Spring evaluation of your hybrid rye crop is critical to understand fertilization, yield potential, and replant options.

Warming temperatures are triggering green up in the hybrid rye crop, but is your crop worth keeping? And will your crop need additional fertilizer?

Hybrid rye is a vast improvement over the open-pollinated rye varieties often grown for cover crops. Hybrid rye grain and forage yields up to 40 percent greater than its conventional cousin, giving farmers more option for end-use markets and on-farm animal feed.

Spring is the time to assess hybrid rye regrowth to help determine yield and to evaluate if the crop needs to be terminated, according to Claus Nymand, Hybrid Rye Product Manager for KWS Cereals. In the three videos below, Claus shares how to perform the initial in-field inspection to check plant roots, to determine plant population, and to count plant tillers.

How to Perform an In-field Assessment of Hybrid Rye

  • Build a Square-Foot Square. Claus suggests that growers build a simple square, one foot long on each side. It doesn’t need to be fancy—just tack some scrap wood together for this.
  • Head into the Hybrid Rye Field. Bring a square-foot square and a shovel a square into the hybrid rye field.
  • Examine Plant Roots. Dig up a sampling of hybrid rye plants and examine the roots. The roots are the first active part of the hybrid rye plant. The roots should be white and have soil sticking to them, indicating that a healthy root system is establishing.
  • Perform Population Count. With your square-foot square, check plant population per square foot in a variety of locations in the field. Set down your square and simply count the plants within the square.
  • Weed Count. Count the non-rye plants in your square-foot square.
  • Tiller Count. Assess the number of tillers in the early-stage plants in order to decide fertilization levels.

By choosing many different good spots and “less-good” spots in the field, you can arrive at an average amount of plants per square foot. Ideally, you are trying for 17 hybrid rye plants per square foot, but anything above 10 plants per square foot, evenly distributed in the field, can still produce adequate yield.

Hybrid rye plant populations below 10 plants per square foot are too thin. Consider terminating the stand and planting something else. If left alone, even a thin stand will continue to produce small tillers that may flower later than the main crop, which can create uneven pollination and can increase the chance of ergot infection.

Fertilization of Hybrid Rye

Your fall-planted hybrid rye is a crop that grows in low temperatures, which means it actually started growing back in autumn. For an adequate crop, hybrid rye needs available nutrients at an early stage. KWS often recommends adding 20 to 40 pounds of nitrogen per acre in the autumn. Any spring-added nitrogen needs to be applied very early, because 90 to 95 percent of the nitrogen is taken up in the very early stage of plant development.

How much nitrogen should you apply? Claus suggests applying 1.2 pounds of nitrogen per expected bushels per acre. For example, if you expect to harvest 100 bushels per acre, you will need to apply 120 pound of nitrogen per acre in total. For that same 100-bushel target, you’ll need to apply about 25 pounds of phosphorus per acre; 40 to 50 pounds of potassium; and 25 pounds of sulfur.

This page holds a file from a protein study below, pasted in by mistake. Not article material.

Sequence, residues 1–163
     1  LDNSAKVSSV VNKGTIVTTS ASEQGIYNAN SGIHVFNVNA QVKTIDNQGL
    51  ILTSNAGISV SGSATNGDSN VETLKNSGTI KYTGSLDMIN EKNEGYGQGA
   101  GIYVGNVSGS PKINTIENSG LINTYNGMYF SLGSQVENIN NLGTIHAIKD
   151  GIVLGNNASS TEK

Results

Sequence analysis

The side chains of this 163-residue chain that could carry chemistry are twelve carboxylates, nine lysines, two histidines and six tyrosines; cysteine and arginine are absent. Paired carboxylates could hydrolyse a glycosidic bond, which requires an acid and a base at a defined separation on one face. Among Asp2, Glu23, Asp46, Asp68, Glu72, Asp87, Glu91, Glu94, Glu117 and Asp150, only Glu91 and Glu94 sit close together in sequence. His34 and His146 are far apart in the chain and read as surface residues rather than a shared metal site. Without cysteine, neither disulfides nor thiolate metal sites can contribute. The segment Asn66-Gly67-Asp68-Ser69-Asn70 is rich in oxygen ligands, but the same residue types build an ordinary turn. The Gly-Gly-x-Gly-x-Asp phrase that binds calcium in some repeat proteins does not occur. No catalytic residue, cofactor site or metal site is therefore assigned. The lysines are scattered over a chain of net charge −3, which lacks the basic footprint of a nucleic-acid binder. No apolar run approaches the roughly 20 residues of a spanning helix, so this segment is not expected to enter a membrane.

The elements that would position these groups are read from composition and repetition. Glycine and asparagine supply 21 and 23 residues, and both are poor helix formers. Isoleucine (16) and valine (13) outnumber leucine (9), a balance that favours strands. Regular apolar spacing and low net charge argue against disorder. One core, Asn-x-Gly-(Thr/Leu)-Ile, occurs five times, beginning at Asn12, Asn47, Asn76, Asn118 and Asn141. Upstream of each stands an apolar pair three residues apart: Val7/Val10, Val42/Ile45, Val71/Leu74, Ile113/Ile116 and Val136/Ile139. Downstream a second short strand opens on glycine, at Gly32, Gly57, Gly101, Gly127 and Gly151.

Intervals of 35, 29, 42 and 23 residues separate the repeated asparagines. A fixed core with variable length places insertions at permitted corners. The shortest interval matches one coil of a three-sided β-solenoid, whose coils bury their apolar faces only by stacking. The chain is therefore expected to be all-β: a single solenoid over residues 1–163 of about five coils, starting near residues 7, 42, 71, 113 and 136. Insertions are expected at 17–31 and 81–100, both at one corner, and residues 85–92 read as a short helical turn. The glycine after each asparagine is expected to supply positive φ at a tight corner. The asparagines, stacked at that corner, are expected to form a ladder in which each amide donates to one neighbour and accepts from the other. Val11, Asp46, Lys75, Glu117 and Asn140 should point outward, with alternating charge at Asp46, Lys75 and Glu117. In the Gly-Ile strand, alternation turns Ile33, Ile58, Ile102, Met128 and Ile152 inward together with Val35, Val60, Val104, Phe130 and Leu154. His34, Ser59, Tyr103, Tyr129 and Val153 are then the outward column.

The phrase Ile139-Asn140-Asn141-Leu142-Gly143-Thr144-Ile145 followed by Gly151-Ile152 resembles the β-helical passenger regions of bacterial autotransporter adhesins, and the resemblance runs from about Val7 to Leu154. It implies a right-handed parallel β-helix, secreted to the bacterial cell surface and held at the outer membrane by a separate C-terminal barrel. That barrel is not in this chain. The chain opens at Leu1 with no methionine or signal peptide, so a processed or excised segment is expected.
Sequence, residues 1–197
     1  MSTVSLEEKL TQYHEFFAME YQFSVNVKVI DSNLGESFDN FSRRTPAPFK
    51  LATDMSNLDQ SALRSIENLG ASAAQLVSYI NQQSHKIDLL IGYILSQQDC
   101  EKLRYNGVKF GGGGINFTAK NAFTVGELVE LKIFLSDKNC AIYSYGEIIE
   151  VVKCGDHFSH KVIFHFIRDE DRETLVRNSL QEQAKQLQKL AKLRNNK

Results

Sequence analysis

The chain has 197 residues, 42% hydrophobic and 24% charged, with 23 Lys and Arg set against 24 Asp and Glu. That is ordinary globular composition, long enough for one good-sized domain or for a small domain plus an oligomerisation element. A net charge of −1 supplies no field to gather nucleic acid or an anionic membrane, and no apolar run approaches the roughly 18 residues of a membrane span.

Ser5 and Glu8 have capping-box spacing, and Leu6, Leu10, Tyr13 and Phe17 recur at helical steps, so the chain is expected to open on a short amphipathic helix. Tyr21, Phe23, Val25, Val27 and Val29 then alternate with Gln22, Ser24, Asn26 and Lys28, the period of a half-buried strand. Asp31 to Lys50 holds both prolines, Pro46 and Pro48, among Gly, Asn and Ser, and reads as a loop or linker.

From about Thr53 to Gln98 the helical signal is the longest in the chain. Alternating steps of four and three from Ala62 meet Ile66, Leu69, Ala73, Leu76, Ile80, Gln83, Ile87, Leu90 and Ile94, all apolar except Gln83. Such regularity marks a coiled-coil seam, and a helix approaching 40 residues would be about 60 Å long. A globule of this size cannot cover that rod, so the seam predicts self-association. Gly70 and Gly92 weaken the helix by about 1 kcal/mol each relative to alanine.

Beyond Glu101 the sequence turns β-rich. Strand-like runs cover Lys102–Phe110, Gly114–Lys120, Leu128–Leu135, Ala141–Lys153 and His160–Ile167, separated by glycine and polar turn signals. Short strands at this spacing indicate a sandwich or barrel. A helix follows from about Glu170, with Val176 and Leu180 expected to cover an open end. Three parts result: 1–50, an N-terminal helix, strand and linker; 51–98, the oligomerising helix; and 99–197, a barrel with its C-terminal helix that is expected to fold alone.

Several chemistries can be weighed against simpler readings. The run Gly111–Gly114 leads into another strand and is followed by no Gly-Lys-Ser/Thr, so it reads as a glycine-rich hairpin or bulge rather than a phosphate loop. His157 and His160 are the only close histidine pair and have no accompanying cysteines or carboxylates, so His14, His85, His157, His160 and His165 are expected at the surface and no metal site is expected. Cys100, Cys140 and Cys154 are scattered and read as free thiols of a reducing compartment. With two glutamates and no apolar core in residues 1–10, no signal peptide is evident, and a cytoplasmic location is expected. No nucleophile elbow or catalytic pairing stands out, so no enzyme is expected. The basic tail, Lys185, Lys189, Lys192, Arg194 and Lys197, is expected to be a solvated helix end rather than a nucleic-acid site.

High soil pH can make nutrient absorption difficult; phosphorous, for example. Above 7 pH, phosphorous availability is very low, which is also true for manganese. The plants will not be able to take up these nutrients from high pH soils. KWS recommends spraying manganese sulphate at about 4.5 to 9 pounds to the acre to help the early development of the hybrid rye crop.

Should You Use a Split Application of Nitrogen?

  • Hybrid Rye for Grain. For grain growers with end markets in food milling or distilling, the short answer is no, because the protein level is less critical than yield.
  • For Forage/Animal Feed. Increase the nitrogen slightly to 1.25 pounds per expected bushels per acre to ensure adequate protein levels.

Weed Management in Hybrid Rye

Claus shot the Weed Management video on April 8, 2020, in a field of hybrid rye that already is well developed. This early and vigorous growth competes well against most weeds, and hybrid rye produces some exudates in the root that can delay germination many weed seeds. This gives the hybrid rye a head-start to form a canopy that can shade out weed competition and to use the soil nutrition so it’s not available for a new flush of weeds.

Weed competition can happen, though, so your spring inspection should include a count of other plants that may compete with soil nutrients and moisture.

The bottom line is: it’s time to get into that hybrid rye field!

Hybrid rye vigor brings many benefits, including more seeds per head and more heads per plant, which results in higher grain yields and increased tons of forage. The KWS PollenPlus® system also increases ergot tolerance. Whether you’re a dairy or cattle producer seeking increased forage biomass, or a farmer seeking profit opportunities within the grain feeding, milling and brewing markets, hybrid rye is a low-input, high-return winter annual to consider adding to your rotation. Call Albert Lea Seed at (800) 352-5247 to learn more about our hybrid rye varieties.